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When unions buy members’ votes: So-called ‘ratification bonuses’ subvert the democratic process

2019-09-10

Imagine walking into your polling place to vote, and being told that if a particular candidate won, all voters would receive $500. That sounds like something that should be illegal, right? But amazingly, something very similar happens frequently in the world of union collective bargaining agreements.

As a general rule, once a new contract is negotiated between management and union leaders, it still must be ratified by a majority vote of the union membership. In order to induce passage, management and the union leaders often agree that if the contract gets approved, some or all union members will get a “ratification bonus.” If the contract gets rejected, they get nothing.

Here is a recent, real-world example.

New York City contracts with dozens of non-profit organizations — including the organization I oversee here in East Harlem — to provide early childhood education services to low-income families. Most of the workers are unionized, and although the collective bargaining agreement technically is between the non-profits and the union, the city pays for all the costs of the program and therefore gets to decide how much the workers should be paid.

These workers historically have been paid much less than public school employees with identical experience — creating a “separate but unequal” system that has been decried for years. Earlier this summer, Mayor de Blasio and the union announced agreement on a new contract, providing substantial starting salary increases for certified teachers in the non-profit centers.

The union consists of more than just certified teachers, however, and the proposed contract did not provide similar salary increases for these lower-paid union members, such as non-certified teachers, maintenance staff, cooks and bookkeepers.

These other workers constitute about 85% of the union members, and this creates a dilemma: How do you get union members to ratify a contract that primarily benefits only about 15% of the workers?

Well, you can rely on “union solidarity,” and trust that the disadvantaged members will vote for the contract in the hope that they will also get increases at some point in the future. But you probably wouldn’t bet the house on it. So what do you do?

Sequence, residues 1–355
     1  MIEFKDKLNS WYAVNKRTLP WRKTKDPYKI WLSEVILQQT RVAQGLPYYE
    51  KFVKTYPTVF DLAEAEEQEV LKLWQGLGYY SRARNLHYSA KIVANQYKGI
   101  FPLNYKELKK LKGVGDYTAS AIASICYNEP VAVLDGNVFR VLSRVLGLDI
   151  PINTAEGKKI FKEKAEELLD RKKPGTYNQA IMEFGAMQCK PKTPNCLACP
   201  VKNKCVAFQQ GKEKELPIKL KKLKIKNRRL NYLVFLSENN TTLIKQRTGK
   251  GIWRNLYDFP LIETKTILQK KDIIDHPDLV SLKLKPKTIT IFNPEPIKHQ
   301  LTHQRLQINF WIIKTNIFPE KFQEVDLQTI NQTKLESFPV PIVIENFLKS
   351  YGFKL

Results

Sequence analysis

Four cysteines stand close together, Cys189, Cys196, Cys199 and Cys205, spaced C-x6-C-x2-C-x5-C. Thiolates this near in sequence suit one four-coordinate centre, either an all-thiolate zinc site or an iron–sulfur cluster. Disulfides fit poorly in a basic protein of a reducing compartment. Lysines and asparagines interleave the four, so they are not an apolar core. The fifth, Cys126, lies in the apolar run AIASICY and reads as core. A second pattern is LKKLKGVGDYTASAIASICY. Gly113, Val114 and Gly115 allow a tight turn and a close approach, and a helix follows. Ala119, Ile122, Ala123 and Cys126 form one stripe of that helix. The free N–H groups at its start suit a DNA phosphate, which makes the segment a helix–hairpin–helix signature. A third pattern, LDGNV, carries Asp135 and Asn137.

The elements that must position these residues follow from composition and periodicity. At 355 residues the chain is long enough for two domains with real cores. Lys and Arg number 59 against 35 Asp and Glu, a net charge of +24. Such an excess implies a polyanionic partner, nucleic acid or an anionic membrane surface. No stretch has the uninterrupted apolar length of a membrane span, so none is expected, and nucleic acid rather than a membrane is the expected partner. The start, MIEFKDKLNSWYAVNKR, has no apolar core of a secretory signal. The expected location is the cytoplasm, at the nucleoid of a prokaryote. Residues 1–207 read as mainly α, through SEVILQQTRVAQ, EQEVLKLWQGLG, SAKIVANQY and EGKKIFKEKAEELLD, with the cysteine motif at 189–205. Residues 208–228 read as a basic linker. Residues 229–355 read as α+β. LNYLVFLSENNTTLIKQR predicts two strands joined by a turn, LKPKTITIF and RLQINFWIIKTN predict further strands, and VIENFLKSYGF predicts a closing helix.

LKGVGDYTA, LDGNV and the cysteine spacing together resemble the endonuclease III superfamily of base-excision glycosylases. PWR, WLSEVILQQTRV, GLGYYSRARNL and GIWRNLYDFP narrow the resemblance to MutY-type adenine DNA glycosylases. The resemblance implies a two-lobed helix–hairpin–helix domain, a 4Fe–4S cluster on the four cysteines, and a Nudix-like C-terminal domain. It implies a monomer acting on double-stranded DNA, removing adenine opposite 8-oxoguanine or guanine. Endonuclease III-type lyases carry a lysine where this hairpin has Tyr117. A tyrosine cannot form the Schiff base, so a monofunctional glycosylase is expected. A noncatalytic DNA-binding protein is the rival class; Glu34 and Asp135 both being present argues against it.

Answer: A “ratification bonus.” The proposed contract stated the 85% of the workers who were not getting substantial salary increases would get paid a bonus of $1,800 if the contract was ratified.

The vote was held, and the union members approved the contract, by a margin of 3 to 1.

The bonus was, effectively, a bribe to vote for the contract — albeit a legal bribe, because there currently is no law against it.

It is important to remember that most of the early childhood union workers are low-paid employees, as is typical in the non-profit sector. Indeed, many earn only the $15 per hour minimum wage. For these employees, a potential $1,800 bonus is a huge amount to turn down, particularly when there is rent to pay and a family to feed.

But this short-term gain is to their long-term detriment, because after one year, even a small salary increase is worth more than a one-time $1,800 bonus.

Yes, it is true that the union leaders who represent the workers must agree before a ratification bonus is included in a proposed contract, but often the union’s bargaining power is limited. Indeed, in this case, the union had started by demanding salary increases for all workers in all job titles, but the city refused and the union ended up trying to get the best deal it could.

We need legislation prohibiting these bonuses because they corrupt the democratic contract voting process and take advantage of low-wage workers.

Until such legislation is enacted, elected officials, corporate executives and union leaders should all pledge not to include ratification bonuses in any contract proposal presented to union members for ratification. Only then will we truly know if the members, all of them, support the terms of the proposed agreement.

Nocenti is the executive director of Union Settlement, providing education, wellness and community-building services in East Harlem.